Hi, my name is Isko Salminen.
I'm an adventure seeker and I love exploring nature with my camera and Australian Shepherd called Fire

Day 98: Burney Mountain Guest Ranch

Date: August 5, 2017
Miles: 22 miles (35.4km), from Cache 22 to mile 1,413.
Health: Tired from lack of sleep and my feet hurt from the volcanic rock poking through the worn out bottom of my shoes.

After only a few hours of sleep, our alarms go off. I don’t feel like waking up but as we’re running out of water we have to get moving before the sun gets up. I’m so tired that instead of being organized, I just throw everything out the door and then head out myself. Once out I notice all my stuff is now dirty and covered in the yellow sand that seems to be everywhere up on the rim.

I dust everything clean, pack my pack and then we take another look at the water cache to see if there would be any water left. Nope. It’s empty. We have to make due with the water we have.

The Cache 22 water cache.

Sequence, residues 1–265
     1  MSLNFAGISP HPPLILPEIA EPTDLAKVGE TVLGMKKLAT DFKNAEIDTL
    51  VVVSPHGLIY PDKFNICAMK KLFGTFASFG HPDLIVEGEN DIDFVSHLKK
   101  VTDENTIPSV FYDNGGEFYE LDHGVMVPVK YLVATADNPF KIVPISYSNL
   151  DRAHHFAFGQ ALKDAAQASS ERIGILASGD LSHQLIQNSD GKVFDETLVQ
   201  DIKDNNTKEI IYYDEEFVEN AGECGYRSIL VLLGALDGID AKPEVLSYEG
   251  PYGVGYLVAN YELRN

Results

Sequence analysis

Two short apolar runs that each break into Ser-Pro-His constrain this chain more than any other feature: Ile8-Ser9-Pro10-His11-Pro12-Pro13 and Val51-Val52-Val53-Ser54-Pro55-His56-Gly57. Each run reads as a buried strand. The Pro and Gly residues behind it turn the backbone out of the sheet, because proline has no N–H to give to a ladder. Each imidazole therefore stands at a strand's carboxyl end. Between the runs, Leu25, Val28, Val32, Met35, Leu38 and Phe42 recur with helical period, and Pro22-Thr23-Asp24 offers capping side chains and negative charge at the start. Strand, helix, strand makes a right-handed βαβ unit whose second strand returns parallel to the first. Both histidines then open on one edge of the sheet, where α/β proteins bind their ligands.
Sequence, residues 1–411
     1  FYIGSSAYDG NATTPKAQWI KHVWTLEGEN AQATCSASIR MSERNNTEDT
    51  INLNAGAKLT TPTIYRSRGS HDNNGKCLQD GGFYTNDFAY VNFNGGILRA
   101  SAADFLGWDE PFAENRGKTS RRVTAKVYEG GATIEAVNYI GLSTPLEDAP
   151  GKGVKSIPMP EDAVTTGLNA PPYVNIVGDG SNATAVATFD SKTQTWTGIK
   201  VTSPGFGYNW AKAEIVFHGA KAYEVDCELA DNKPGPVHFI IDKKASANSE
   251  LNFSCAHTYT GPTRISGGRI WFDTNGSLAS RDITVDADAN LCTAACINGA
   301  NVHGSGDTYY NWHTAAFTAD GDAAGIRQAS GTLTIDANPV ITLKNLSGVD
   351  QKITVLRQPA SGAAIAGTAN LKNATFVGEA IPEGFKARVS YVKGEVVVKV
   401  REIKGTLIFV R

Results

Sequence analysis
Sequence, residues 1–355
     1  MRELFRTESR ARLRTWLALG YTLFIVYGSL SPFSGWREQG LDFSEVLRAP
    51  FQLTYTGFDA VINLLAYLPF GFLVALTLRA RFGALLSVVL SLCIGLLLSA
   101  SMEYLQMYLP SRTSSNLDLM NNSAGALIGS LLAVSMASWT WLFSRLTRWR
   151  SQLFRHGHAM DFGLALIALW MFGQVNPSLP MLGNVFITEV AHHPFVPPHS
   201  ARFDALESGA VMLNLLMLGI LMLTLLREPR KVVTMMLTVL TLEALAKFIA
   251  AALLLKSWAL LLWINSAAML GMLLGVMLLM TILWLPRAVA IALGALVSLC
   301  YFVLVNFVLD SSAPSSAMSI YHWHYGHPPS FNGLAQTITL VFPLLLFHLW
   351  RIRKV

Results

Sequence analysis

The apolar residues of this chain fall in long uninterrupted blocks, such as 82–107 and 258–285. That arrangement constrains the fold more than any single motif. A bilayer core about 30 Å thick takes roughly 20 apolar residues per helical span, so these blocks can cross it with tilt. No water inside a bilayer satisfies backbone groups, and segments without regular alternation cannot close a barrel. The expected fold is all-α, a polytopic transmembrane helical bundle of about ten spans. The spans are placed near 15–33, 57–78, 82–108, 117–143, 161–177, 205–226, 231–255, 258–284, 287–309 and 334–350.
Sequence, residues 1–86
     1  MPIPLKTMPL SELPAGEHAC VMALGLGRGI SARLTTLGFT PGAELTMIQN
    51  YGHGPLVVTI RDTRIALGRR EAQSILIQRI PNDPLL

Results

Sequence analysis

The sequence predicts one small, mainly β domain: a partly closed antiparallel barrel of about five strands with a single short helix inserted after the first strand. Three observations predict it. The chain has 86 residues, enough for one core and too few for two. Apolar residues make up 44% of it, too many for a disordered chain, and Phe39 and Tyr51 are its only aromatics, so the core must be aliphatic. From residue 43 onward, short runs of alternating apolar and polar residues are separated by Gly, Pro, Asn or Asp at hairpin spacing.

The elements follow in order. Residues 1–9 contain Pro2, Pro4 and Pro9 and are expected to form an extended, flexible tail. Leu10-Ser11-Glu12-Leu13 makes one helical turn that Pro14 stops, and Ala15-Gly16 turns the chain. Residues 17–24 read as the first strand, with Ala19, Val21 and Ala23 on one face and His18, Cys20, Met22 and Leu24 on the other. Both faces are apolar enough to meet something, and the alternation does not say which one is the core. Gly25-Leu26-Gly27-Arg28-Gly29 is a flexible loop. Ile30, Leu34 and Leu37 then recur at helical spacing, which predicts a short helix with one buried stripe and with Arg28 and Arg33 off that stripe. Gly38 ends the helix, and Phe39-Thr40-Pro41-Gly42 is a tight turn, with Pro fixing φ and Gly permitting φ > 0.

The rim is nice and flat and while a little monotonous, fast to hike through. We set out coasting, both at our own speeds and Sam’s soon far ahead. I’m doing my usual sluggish morning speed, listening to music and keeping one eye on the surrounding clouds. Unlike usually the skies are not clear blue today and we start our hike under slightly cloudy skies. I keep hoping the cloud cover would take at least some of the heat away.


We cruise along the edge of the rim and I see Sam stopping not far from me. As I get closer Sam points out a rather pissed off rattlesnake right next to the trail. I’m glad Sam was on point today as I’m way too sleepy to have ever noticed the snake. As I stupidly had both earphones on, I wouldn't even have heard it. Being reminded of the fact that we’re not the only ones out here, I turn down the volume and only wear one earphone while going around the rattling snake.

Not a happy Nope rope or danger noodle. They go by many names.

The trail feels really long and slow today. The scenery doesn’t seem to change at all and it feels like time, like the hot air, is standing still. Everything is yellow and sunburned around us, except for the occasional small trees that dot the rim here and there.